A highly accurate quantitative thermometer for measuring the temperatures of space and time

مقياس حرارة كمي دقيق للغاية لقياس درجات حرارة المكان والزمان

The space-time diagram is divided into four quadrants: the left and right Rindler wedges, and the future and past light cones. The vacuum state can be written as an interlocking state between Rindler wedges, or between light cones. For an observer in one of these quadrants (eg, the future), tracking unobserved patterns (eg, in the past) leads to the Unruh (time-similar) effect. The arrow represents the space-time path of the detector. attributed to him: physical review messages (2022). DOI: 10.1103/ PhysRevLett.129.160401

An international team of scientists including experts from the University of Adelaide has designed a quantum thermometer to measure the extremely cold temperatures of space and time predicted by Einstein and the laws of quantum mechanics.

The investigation was led by Dr James Koch of the University of Adelaide, Ramsey Fellow, School of Physical Sciences and Institute of Advanced Photonics and Sensing (IPAS).

We designed the sleeve Thermometer It can measure very slight changes in temperature.”

“The theoretical design of a quantum thermometer is based on the same technology used to build quantum computers.”

Einstein predicted that the rate at which you perceive time passing depends on the speed at which you travel: a person who moves very quickly ages at a slower rate than a person who stands still. This led to his theory of general relativity, which says that space and time work together as a tissue that can bend and twist.

The relationship between temperature and acceleration is similar to the relationship between time and speed. Different observers moving with different acceleration notice a different, albeit slight, difference in temperature.

In 1976, Canadian physicist William Onro combined Einstein’s work with the other fundamental theory of modern physics, Quantum mechanicsand predicted that the space-time fabric has an extremely low temperature,” said Dr.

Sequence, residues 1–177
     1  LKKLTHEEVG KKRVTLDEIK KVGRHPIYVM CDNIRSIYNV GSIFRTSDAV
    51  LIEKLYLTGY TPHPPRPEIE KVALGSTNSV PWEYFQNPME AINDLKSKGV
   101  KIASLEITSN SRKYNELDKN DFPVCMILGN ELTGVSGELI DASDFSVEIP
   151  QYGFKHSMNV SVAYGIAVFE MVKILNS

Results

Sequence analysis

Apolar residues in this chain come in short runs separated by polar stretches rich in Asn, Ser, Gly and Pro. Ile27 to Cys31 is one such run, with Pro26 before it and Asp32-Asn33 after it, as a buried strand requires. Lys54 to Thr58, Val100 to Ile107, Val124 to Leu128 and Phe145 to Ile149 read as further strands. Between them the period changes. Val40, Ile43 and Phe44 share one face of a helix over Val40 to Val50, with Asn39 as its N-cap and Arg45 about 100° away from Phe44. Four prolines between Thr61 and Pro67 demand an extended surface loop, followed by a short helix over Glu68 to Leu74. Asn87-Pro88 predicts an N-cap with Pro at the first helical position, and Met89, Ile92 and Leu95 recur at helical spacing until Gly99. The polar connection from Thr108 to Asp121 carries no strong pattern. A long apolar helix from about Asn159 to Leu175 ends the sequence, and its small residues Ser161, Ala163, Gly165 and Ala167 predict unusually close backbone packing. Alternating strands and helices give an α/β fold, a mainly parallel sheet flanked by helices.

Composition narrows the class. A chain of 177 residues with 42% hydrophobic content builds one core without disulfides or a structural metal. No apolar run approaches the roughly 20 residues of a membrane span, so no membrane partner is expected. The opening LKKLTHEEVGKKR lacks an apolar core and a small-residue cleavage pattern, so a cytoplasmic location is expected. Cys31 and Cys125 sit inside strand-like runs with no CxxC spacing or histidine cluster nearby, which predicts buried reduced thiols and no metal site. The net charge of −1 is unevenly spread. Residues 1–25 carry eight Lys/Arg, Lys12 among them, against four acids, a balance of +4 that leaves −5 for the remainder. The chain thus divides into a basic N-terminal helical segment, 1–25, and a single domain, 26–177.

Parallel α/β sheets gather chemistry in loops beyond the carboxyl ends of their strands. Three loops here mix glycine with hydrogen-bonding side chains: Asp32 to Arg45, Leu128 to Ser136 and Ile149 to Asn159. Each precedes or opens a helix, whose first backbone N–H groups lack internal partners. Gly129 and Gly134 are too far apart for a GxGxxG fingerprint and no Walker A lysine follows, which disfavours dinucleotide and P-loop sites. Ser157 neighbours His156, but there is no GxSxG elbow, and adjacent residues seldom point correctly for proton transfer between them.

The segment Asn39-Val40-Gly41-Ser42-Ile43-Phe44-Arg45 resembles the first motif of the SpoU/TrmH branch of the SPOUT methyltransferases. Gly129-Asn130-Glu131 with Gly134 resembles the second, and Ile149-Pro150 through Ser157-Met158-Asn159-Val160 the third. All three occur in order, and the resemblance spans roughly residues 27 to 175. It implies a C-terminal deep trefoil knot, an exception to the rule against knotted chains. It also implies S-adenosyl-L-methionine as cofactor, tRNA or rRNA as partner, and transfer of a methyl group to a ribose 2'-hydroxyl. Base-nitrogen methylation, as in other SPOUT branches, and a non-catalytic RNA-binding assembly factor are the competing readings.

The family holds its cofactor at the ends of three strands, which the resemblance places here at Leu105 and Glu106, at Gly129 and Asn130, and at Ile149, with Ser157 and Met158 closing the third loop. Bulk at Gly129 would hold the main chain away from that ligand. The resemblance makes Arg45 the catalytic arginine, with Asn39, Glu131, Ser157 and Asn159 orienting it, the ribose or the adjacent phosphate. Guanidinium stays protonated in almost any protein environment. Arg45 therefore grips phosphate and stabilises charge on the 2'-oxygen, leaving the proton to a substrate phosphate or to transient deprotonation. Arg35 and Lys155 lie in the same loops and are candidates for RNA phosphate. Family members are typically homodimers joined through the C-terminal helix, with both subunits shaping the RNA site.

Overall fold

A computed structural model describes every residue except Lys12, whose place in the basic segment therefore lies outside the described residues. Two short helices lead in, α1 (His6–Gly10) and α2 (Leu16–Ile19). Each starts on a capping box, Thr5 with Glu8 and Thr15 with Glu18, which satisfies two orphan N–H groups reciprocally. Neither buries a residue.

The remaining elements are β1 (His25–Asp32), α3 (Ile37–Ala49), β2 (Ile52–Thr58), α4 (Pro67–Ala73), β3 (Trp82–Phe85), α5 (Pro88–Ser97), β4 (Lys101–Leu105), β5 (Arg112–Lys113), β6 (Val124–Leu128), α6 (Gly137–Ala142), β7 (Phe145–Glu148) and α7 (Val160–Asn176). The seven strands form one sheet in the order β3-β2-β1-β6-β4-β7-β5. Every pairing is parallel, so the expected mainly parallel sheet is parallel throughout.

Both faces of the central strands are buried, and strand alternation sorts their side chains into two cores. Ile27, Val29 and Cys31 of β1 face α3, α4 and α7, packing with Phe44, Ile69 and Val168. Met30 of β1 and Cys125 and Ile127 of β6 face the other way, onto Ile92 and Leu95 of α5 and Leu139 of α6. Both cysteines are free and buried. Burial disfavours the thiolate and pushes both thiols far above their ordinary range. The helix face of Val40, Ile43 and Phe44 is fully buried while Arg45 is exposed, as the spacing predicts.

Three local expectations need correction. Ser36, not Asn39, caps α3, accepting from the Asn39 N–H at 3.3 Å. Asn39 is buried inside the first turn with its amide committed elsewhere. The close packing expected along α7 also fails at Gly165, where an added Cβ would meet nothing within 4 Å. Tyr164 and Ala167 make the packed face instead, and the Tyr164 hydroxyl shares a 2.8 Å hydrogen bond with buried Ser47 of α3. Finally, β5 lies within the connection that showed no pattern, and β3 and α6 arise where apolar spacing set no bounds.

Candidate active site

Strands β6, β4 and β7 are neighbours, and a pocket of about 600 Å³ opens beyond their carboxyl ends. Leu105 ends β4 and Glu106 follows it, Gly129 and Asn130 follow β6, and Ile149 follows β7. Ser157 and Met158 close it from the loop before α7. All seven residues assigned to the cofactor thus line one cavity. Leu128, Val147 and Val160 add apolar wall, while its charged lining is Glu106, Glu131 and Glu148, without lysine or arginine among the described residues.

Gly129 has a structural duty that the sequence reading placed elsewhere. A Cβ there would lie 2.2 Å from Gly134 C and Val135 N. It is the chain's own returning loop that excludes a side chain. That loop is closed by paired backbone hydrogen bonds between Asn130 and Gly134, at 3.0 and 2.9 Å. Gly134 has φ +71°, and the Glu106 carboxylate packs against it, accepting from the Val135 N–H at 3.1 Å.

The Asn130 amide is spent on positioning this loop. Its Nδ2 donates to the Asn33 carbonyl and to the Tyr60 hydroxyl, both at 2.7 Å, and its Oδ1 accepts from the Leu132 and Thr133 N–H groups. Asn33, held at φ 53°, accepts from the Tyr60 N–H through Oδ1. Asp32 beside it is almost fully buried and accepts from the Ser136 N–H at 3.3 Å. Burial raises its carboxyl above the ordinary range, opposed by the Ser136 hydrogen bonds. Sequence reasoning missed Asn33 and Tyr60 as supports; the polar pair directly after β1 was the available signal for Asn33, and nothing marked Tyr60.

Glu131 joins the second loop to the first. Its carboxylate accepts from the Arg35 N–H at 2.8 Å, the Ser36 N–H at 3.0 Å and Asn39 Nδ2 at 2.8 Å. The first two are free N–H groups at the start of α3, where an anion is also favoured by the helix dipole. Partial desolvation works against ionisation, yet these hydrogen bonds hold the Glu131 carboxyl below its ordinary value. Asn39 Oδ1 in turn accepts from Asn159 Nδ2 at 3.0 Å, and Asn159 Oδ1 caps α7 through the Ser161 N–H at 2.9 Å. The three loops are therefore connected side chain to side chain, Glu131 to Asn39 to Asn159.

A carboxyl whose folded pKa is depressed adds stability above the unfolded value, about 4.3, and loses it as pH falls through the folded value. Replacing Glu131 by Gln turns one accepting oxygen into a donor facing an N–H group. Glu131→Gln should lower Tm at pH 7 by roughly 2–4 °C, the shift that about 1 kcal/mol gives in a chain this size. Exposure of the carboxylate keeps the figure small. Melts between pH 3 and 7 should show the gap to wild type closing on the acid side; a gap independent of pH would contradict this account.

“It is interesting that this temperature changes depending on the speed at which you are moving.

“To see this change in temperature, you have to move very fast. Until you see a 1 degree change in temperature You will have to approach the speed of light.

“So far, these extreme speeds have prevented researchers from verifying Unruh’s theory.”

Dr. Koach and colleagues Professor William Munro of NTT Basic Research Laboratories in Japan and Professor Timothy Ralph of the University of Queensland have published their work in the journal. physical review messages .

“Theoretically, a quantum thermometer does not need physical acceleration, but is used instead magnetic field To speed up the device’s internal energy gap,” Dr. Kwash says.

“The quantum thermometer can be built with current technology.”

The team’s work has important implications for future research. A quantum thermometer can be used to measure extremely cold temperatures with an accuracy that conventional thermometers cannot.


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more information:
James Quach et al., Berry’s stage of entanglement of future and past light cones: discovering the Timelike Unruh effect, physical review messages (2022). DOI: 10.1103/ PhysRevLett.129.160401

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the quote: a highly accurate quantitative thermometer for measuring temperatures in space and time (2022, October 17) Retrieved on October 17, 2022 from https://phys.org/news/2022-10-ultra-precise-quantum-thermometer-temperatures-space. programming language

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